HOW WOULD you feel about picking up your cello, planting it about 8 feet from Mstislav Rostropovich, and playing under his eagle eye the opening movement of the Shostakovich Cello Sonata, a work that he can play either the cello or the piano part of with equal authority?
That is exactly what a young cellist did last Friday night at Catholic University to open a two-hour master class. As the first student began to play, Rostropovich became immovable, watching every move the cellist made, taking in at the same time every detail. Any time the cellist looked up from his music, his eyes met directly those of the master.
Not until the first movement was finished did Rostropovich say a word. At that point, his first move was to turn to the Steinway behind him and, playing a phrase from the sonata, ask, "Play for me once more this reprise." From then on, with no music in front of him, he analyzed every detail for both players: "No, no (to the pianist) that is F sharp, not F natural." Switching from minute details, he began talking about important matters for every performer:
"Each small thing, in coming to public, is very noticeable. Talent shows from the first moment of coming on stage." Gesturing toward the player's music stand, he went on: "If you fool with your music, you come to stage the same like coming to stop. Music," and here his voice took on a special, almost missionary tone, "music always begins with silence."
"Player tunes up - not make dirty for public." Here Rostropovich imitated strings being tuned up with a sound words cannot approximate. "Very pianissimo is enough," and he barely tapped the strings to check the intonation.
"Always chamber music played with music," he continued. "Partner has brought music, so you not want to show that partner has not been working enough, you bring music too. But now, with music stand between you and public, maybe 2,000-3,000 people, you have eyes on music. Pretty soon public has eyes on music stand too. You lost much of their attention. Without a stand, you free very much your emotions."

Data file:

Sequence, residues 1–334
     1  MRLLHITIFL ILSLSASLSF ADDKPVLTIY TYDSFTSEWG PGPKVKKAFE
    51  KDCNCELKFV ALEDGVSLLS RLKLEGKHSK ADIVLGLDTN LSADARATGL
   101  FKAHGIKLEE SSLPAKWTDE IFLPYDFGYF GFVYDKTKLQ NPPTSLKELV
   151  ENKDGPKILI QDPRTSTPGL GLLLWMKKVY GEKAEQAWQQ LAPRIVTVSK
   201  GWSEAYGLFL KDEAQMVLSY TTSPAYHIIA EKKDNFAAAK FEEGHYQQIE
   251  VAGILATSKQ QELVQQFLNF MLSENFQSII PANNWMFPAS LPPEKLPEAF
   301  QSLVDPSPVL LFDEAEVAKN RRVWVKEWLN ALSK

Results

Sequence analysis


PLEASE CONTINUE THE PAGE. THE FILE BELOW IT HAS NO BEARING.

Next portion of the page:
Returning directly to the young cellist playing for him. Rostropovich said, "I do not have feeling that you have much feeling on stage that you must play music. In the middle of the second theme, you play beautifully - then turn page - play again . . ." All this time Rostropovich is making a pantomime of a cellist hurriedly turning pages and getting back to his bow and strings.
Suddenly the experienced public performer remembered something else: "Very important! Not to put mute in pocket! Forget which pocket and look for mute in wrong pocket, or maybe pull out all stuffing out of pocket."
Naturally all of this was accompanied by a mime routine that was at times hilarious. "No, put mute on chair."
Referring to the musical problems in the Shostakovich, Rostropovich turned to his Steinway and began to play as he talked. "Give some line of musical idea, long line. Play for me now." As the cellist and pianist began again, Rostropovich conducted. "You make separate phrase. But music like apple pie - I prefer not all small pieces. Make long line. Play second theme."
To the pianist: "All your emotion give for this theme!" And he showed exactly what he meant on the piano, like the master pianist that he is. Then, taking the cellist's instrument in hand, he produced a single F sharp, colored by a vibrato of consummate beauty.